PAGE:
My grandfather came from St Helens, a boom town of the first globalization. It sits on a South Lancashire coal field in north-west England, and in Britain’s industrial revolution the first steam-powered railway transported its coal to fuel the growth of nearby Liverpool and Manchester. In the 20th century, the town became a great exporter and a world leader in glass-making. But today, St Helens produces little: the mines are long-closed, and most glass-making jobs were lost after a foreign buy-out. Last year, this town, which had thrived on exporting to continental Europe, voted overwhelmingly for Brexit.
I live in London, a city that has soared in the latest wave of globalization. Its most famous skyscraper was built by an Italian, its best football team is owned by a Russian, and its most popular foods are Asian. The city voted to remain in the European Union, and was shocked that places such as St Helens did not follow suit.
London’s openness to the world has enabled once inconceivable levels of prosperity. More people use its airports than any other city, and it leads the world in industries from finance to fashion. It is unrealistic that the United Kingdom – a medium-size market with a service-based economy and few natural resources – can hope to prosper in the glorious isolation of an imagined past.
This does not mean that the status quo works. Britain is a deeply unequal country. Inner London has the highest per capita GDP of any region of the OECD, but the area around St Helens is poorer than Slovenia. Despite London’s reliance on banking, the city did not experience a drop in pay after the 2007-08 financial crash. Wages are not expected to recover in the rest of the country until 2023.
Globalization is the easy scapegoat for rising inequality. Sceptics blame it for issues including reductions in workers’ rights and tax evasion, but protectionism is not the only answer to these problems. Trade deals which simply lower barriers can lead to a race to the bottom. This does not need to be an argument against trade, but for a new model of agreements that also raise labour and environmental standards. Likewise, it is true that globalization has allowed companies to evade taxes, which depletes resources for public services. But the best way of tackling the excesses of trans-national corporations is through more international cooperation, not less.
In fact, critics of globalization are letting national governments off too lightly. Greater openness to the world created great wealth, but governments failed to ensure that it was widely shared, mistaking gross domestic product for the defining measure of a nation’s progress. National government can and must ensure that there is a good standard of living in both London and St Helens.
This requires domestic policies to ensure that growth is shared across the whole country. British and American demands to “make our countries great again” resonated because of the perception of decline. Citizens need to have reasons to be confident about the future. First, governments of developed economies must prepare their people for turbulent times by transforming education and skills provision. Helping existing workers retrain for jobs which do not currently exist deserves as much thought as educating the next generation. (In fact, technological change is a bigger challenge to employment than globalization.) Second, governments should be prepared to protect people from the worst ruptures, and support communities in transition. Third, more must be done to redistribute the wealth created by globalization.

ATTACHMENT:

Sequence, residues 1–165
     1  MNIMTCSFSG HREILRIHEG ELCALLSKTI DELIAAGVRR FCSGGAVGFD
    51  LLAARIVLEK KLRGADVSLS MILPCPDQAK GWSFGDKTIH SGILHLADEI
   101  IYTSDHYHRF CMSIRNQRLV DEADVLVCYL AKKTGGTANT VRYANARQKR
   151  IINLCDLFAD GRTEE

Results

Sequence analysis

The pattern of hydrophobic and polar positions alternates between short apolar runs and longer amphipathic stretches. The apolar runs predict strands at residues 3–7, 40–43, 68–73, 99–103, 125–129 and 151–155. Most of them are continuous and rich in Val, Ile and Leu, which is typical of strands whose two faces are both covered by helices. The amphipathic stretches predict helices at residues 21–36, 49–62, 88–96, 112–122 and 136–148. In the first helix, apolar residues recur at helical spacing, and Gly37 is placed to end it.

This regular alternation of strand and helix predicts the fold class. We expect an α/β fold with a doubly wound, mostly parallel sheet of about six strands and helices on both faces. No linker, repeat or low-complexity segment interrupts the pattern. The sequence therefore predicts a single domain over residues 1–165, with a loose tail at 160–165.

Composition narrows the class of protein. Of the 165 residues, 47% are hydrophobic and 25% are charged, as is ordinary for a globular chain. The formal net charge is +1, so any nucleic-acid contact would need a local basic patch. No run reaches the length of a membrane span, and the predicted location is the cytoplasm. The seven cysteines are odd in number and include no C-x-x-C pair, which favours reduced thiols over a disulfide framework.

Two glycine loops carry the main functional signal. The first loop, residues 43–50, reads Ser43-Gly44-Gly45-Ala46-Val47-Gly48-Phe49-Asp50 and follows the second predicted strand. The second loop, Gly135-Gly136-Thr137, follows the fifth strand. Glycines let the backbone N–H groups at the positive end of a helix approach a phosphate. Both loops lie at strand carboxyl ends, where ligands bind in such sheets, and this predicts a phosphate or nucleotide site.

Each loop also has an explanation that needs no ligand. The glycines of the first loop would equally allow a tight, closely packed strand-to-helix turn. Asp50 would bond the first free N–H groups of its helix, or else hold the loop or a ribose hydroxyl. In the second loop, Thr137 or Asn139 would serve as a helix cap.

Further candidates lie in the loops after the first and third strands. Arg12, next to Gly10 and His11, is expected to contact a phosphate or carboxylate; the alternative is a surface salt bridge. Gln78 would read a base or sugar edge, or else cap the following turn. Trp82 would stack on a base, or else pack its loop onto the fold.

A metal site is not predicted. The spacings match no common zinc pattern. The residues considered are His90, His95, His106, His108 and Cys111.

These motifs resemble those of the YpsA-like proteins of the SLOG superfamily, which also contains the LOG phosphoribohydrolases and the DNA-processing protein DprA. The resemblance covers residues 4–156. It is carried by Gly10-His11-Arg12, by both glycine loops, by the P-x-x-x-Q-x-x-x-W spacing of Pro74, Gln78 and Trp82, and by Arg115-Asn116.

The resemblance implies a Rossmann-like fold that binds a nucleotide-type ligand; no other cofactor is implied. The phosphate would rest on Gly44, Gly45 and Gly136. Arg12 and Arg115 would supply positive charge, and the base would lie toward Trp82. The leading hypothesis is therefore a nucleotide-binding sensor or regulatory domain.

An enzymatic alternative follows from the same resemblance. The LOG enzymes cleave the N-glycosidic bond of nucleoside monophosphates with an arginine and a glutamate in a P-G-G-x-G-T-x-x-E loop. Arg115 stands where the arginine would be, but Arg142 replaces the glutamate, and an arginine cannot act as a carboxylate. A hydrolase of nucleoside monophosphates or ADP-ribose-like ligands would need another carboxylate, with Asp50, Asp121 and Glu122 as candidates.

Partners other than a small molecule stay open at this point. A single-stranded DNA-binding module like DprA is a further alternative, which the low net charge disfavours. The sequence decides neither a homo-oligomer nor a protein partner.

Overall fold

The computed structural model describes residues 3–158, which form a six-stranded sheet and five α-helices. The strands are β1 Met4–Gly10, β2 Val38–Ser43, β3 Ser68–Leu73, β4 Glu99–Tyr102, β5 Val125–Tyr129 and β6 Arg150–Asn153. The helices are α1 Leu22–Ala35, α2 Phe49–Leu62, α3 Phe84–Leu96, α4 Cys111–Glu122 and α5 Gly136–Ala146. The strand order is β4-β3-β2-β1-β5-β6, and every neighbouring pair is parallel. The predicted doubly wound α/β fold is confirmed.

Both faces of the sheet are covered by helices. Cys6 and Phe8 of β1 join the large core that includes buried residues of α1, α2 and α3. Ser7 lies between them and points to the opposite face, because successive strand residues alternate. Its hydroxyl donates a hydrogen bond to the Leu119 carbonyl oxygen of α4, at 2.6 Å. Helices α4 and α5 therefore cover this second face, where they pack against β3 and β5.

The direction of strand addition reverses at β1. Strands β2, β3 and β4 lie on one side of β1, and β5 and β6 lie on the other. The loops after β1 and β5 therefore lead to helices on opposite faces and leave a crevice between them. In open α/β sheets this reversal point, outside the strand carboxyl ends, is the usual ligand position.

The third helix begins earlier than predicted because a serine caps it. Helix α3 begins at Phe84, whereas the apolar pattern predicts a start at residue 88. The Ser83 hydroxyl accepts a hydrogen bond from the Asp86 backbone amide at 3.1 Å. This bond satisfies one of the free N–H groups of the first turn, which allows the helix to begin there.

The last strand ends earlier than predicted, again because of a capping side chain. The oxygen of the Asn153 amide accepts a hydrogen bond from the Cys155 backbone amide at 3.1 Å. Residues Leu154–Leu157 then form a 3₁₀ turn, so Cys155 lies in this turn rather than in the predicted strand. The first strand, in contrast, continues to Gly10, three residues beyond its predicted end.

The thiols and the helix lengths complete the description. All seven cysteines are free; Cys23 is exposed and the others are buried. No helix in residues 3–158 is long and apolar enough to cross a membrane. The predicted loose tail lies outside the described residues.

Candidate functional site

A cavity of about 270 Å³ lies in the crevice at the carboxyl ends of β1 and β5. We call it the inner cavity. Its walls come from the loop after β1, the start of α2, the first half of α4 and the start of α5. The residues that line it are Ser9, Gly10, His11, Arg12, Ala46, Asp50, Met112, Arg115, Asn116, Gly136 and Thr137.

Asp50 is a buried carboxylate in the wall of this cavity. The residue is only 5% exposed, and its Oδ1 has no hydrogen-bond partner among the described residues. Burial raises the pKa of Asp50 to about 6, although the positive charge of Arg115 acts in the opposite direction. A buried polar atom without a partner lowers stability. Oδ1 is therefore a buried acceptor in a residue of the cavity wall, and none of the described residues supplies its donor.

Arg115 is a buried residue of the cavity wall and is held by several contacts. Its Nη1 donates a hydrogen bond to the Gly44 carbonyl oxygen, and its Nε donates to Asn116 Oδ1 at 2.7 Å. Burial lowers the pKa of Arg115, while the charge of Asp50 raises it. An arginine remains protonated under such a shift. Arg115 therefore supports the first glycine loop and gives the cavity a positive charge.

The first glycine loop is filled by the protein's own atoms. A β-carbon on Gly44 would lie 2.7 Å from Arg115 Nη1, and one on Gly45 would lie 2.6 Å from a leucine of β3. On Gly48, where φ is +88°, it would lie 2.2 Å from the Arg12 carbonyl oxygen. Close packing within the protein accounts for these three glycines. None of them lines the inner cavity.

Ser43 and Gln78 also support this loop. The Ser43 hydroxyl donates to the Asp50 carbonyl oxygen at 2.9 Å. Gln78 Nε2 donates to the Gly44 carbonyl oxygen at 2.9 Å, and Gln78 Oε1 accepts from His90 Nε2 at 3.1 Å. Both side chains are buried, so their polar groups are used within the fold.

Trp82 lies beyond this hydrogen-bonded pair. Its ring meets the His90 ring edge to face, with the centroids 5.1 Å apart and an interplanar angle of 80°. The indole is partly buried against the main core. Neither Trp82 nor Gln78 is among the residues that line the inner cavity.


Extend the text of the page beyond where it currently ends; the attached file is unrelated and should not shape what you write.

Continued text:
However, economics is not the only way people experience their lives. The thornier challenge posed by globalization is rapid cultural upheaval. The process has introduced a range of paradoxes, including greater ethnic diversity and a more homogeneous global culture. These changes, undoubtedly a result of globalization, have occurred against the backdrop of increasing economic inequality, largely the fault of inaction from national governments. But some people have mistaken correlation for causation, and nostalgia for a time of well-paying jobs and strong community risks becoming nostalgia for a time of whiteness.
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Supporters of global cooperation should realize that only a small minority of voters think of themselves as “world citizens”. Rather, they identify as members of families, communities and countries, usually in that order. It would therefore be a recipe for defeat for those who believe in cooperation to allow themselves to be caricatured as “globalists”, in conflict with “nationalists”. Instead, they must show that international engagement is the patriotic course, rooted in the national interest.
This requires more than a shift in rhetoric. Britain has seen a decline in many of the institutions that once tied together working-class communities, such as trade unions and churches. To address this, there must be a concerted effort to strengthen the bodies that can unite communities, and to make politics more responsive to them by devolving power wherever possible (including on immigration).
Globalization has brought great wealth but its benefits have been uneven, and many have found the pace of change unsettling. As the world becomes ever more connected and technologically advanced, people must feel supported, rather than being left to sink or swim.
There is a lesson in Britain’s experience for other advanced economies that are turning against globalization. Brexit would not have happened had the country had been more united. The decision will cause profound damage to both ex-industrial towns and the capital city. We must hope that Britons will now recognize their common interest in bridging the gap between St Helens and London.
Ben Lyons is a World Economic Forum Global Shaper with the London Hub. His article is this month's winner in the Global Shaper essay contest, on the theme of inclusive growth.